A report out today says that winning the Nobel Prize for her writing increased Alice Munro book sales by more than 4,000 percent in her native Canada, and by multiples of thousands elsewhere, too.
Wondered if demand went up for her books in the library here.
But, there's no real way to tell. We have only three of her books, and of those one is "missing."
We don't have the newest one, which came out, I think, right the week of the Nobel announcement.
And until we get it in, no one can reserve it.
Publicity surrounding the prize doesn't hurt, that's for sure. I just can't translate that into anything meaningful here.
What's the best work of fiction published this year?
The Goodreads Choice Awards were announced today, and the award for best work of fiction goes to "And the Mountains Echoed."
Several patrons who have read the Husseini book were not very high on it, frankly. And no one has come in yahooing and yodeling about it.
But, then, I haven't gotten a lot of feedback on many works of fiction produced in 2013.
As I have mentioned before, though, the most popular books so far this year are by Grisham and Balducci.
Goodreads' top nonfiction? "The Autistic Brain."
Best Young Adult Fiction? "Allegiant."
Best memoir/biography? "I Am Malala."
I don't think Goodreads Choice Awards are the same things as best-sellers.
We're not sure what happened, but after a promising start our budding writers of books didn't come in today to celebrate the end of National Novel Writing Month.
About a half-dozen hopefuls showed up at the kickoff to the month back in early November. But at our event scheduled today to celebrate their accomplishments, we had no one show up.
Maybe that means they didn't meet their 50,000-word-in-a-month goal. Writing more than 1,000 words a day is a pretty daunting goal.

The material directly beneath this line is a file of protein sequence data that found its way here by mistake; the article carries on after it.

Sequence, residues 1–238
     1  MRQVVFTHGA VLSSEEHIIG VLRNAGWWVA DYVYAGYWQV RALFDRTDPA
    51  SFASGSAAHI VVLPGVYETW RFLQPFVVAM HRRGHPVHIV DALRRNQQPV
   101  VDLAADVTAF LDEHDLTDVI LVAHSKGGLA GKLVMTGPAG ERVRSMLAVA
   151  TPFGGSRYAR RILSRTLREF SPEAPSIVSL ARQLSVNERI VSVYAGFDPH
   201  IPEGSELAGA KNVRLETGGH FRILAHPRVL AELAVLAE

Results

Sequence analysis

Or maybe they are still writing!
We hope it's the latter.
Check out the new Central Texas Digital Consortium website.
Just click on the Go button by the search slot, and you will be taken to our online catalog. Scroll down to "Overdrive" and click (after logging in with your library account and phone numbers).
Overdrive is the company the consortium contracts with to provide ebooks, both the "print" kind and the "audio" kind, as well as musical offerings.
The new site is better organized and more user friendly than the older, out-of-date one.
Plus, it gives you some information about what people are downloading the most.
A new graphic posted by Library Journal shows the number of books written about presidents over the years.
Abe Lincoln is at the top of the list, with 3,584 titles. He's followed by George Washington with 1,909. Then, John Kennedy is third with 1,500.
The list ends with Jimmy Carter, who is the subject of only 292 books.
People publish books for all kinds of reasons, and making money is close to the No. 1 reason. So, Abe's popularity among publishers probably reflects his sellability, among other things.
Not many books on Polk, I guess. Or Taft. Or Taylor. Or even Tyler. What's to say about Arthur? Or Cleveland? Or Fillmore?
Heck, I probably wouldn't even remember those names if it weren't for the fact that I had to navigate the streets of Amarillo back when I was growing up there, and the main ones were named after the presidents -- in order of election.
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